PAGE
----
"(I)f we are honest with ourselves, we must admit that none of our hands are
entirely clean. If we're honest with ourselves, we'll acknowledge that our
own community has not always been true to King's vision of a beloved
community. We have scorned our gay brothers and sisters instead of embracing
them. The scourge of anti-Semitism has, at times, revealed itself in our
community. For too long, some of us have seen immigrants as competitors for
jobs instead of companions in the fight for opportunity.
"Every day, our politics fuels and exploits this kind of division across all
races and regions; across gender and party. It is played out on television.
It is sensationalized by the media. And last week, it even crept into the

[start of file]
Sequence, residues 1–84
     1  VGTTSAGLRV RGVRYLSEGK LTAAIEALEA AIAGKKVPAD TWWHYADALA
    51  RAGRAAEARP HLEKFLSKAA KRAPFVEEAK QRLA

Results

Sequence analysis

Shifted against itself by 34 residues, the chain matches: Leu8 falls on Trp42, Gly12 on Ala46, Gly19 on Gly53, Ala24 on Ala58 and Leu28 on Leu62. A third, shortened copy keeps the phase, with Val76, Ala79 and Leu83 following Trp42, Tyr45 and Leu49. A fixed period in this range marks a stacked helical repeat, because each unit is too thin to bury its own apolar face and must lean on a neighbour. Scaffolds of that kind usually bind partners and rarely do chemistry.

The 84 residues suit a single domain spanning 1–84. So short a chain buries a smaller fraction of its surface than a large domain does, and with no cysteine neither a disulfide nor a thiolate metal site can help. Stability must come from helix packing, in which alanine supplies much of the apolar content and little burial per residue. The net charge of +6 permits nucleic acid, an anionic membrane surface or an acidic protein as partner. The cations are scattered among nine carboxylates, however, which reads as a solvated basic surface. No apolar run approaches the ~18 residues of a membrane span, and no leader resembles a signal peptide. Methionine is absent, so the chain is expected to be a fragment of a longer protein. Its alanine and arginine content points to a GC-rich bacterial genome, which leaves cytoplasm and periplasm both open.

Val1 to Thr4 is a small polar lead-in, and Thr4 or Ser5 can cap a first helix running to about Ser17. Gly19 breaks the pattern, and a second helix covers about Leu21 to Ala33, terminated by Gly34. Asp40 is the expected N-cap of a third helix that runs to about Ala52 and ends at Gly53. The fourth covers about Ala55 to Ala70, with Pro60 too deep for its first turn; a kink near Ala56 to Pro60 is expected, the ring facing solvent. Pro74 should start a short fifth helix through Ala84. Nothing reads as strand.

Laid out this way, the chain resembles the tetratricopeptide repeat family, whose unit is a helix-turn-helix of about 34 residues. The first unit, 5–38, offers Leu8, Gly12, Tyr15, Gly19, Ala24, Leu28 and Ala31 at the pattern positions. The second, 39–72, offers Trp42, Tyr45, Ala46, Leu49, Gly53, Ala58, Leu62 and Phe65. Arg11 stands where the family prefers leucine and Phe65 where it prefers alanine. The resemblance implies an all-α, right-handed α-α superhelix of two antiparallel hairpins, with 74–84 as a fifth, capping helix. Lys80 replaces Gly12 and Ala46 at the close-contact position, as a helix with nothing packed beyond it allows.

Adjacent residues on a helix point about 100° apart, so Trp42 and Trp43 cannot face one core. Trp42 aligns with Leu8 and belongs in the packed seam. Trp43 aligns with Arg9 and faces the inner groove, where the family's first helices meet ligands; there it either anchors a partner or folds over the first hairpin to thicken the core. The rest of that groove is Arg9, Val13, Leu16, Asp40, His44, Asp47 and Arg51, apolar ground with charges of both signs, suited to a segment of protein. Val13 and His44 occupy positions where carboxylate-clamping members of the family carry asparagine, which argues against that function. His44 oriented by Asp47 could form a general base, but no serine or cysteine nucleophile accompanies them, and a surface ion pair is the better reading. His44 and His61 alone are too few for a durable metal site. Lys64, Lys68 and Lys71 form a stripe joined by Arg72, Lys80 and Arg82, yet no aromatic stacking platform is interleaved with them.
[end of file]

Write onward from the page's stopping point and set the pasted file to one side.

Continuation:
campaign for president, with charges and counter-charges that served to
obscure the issues instead of illuminating the critical choices we face as a
"Because if Dr. King could love his jailor; if he could call on the faithful
who once sat where you do to forgive those who set dogs and fire hoses upon
them, then surely we can look past what divides us in our time, and bind up
our wounds, and erase the empathy deficit that exists in our hearts."
Did the candidate get back on track in his moving speech Sunday? The rest of
his campaign will answer that question. But it's clear he's started to.
Never underestimate the power of words, or of the Word. Nor the appeal to
the supposed Other, and the healing effect of even a little humility.
Would that all the presidential candidates follow Barack Obama's lead, and
try to raise the level of political discourse in this country, to elevate it
above all the usual clever calculations, even above their own ambitions.